As a judge considers whether to impose sanctions on attorney Clifford Shoemaker for hitting investigative blogger Kathleen Seidel with an intimidating subpoena, one of Shoemaker’s attorneys asks the court for more time “to gather the material I would need to show the Court the justification for the Subpoena and its scope,” which prompts Eric Turkewitz to wonder (May 6): “Why is it necessary to look for justification for the subpoena after it was issued?” And: “Other than talking to Shoemaker, who must have already had justification before the subpoena was issued, why would it be necessary to interview any other witness? It’s only Shoemaker’s rationale that matters to the sanctions motion.”
In another indication that heavy-handed pursuit of a blogger might not have worked out very well as a legal strategy, Shoemaker’s own clients, the Sykes family, have now voluntarily dropped their vaccine-autism suit against Bayer, which was the basis for the subpoena (Seidel, Orac).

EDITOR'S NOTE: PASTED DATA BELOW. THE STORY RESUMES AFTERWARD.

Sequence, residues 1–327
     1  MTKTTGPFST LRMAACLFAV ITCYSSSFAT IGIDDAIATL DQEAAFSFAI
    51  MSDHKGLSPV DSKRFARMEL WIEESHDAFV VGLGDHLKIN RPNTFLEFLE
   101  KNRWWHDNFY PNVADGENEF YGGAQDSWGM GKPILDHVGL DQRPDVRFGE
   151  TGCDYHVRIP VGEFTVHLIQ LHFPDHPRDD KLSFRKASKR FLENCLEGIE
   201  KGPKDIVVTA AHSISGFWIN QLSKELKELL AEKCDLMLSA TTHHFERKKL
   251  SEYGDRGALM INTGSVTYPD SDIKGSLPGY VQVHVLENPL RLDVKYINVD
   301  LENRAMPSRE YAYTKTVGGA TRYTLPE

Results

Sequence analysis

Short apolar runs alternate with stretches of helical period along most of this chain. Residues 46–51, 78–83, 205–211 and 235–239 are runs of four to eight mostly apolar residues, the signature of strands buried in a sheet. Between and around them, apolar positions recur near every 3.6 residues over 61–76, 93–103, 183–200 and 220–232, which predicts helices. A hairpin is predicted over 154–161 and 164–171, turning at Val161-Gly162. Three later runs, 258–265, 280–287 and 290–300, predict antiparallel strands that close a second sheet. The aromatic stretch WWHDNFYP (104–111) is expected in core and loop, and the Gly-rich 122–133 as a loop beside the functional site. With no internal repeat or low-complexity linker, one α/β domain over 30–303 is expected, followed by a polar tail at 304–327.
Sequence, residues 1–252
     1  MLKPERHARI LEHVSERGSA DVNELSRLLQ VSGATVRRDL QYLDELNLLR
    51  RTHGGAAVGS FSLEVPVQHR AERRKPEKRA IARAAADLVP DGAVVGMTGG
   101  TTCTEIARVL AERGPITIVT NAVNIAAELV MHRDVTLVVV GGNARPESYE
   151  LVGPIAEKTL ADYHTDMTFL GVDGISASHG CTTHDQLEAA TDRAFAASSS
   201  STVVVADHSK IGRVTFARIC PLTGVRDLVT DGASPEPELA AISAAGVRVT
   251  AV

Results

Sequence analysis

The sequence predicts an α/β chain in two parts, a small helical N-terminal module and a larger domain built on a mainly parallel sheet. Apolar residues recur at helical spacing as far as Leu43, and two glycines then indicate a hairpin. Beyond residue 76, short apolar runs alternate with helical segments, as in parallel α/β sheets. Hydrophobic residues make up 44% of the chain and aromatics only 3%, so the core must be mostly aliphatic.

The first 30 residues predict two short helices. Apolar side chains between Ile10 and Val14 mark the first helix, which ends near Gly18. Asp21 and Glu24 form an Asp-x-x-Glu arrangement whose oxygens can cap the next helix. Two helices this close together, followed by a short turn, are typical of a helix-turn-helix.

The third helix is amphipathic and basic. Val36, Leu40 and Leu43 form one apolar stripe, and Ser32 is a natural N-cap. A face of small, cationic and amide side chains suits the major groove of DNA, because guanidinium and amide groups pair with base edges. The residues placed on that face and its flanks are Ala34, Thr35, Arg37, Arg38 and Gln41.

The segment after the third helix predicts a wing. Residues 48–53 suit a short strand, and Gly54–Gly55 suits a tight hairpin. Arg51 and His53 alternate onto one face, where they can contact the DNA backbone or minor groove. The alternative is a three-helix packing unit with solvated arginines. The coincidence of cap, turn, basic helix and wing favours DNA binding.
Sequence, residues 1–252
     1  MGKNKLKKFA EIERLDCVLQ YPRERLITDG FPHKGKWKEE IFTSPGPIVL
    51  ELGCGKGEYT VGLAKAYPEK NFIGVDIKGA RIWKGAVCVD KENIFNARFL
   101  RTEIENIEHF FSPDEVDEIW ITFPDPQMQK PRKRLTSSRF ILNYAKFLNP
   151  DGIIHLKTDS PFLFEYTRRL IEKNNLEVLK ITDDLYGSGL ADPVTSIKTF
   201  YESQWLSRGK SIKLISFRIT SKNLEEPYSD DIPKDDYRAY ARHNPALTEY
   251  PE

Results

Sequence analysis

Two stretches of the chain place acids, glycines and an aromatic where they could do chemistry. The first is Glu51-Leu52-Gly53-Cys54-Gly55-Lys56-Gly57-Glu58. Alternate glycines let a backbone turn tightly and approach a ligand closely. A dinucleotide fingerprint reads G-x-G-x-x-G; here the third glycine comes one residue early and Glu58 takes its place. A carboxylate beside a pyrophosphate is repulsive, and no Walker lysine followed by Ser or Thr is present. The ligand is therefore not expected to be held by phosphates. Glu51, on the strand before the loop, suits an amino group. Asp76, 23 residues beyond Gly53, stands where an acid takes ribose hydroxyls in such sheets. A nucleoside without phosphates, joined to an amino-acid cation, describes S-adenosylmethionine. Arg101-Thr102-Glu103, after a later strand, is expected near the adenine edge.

Perhaps-ominous sequel: Seidel points out in a new post that Shoemaker’s legal papers accuse her of arguably tortious conduct in her comments on autism litigation, including interfering with “witnesses’ professions, professional relationships, and economic opportunities”, and that the witnesses in question in the Sykes suit, Dr. Mark Geier and David Geier, have previously pursued long and costly litigation against four scientists and the American Academy of Pediatrics over an article in Pediatrics which disputed the Geiers’ findings. The suit — which was eventually dismissed without prejudice as to the scientists, and dismissed with prejudice as to AAP — contended that damages were owing because the article in question had cut into the Geiers’ potential income as expert witnesses.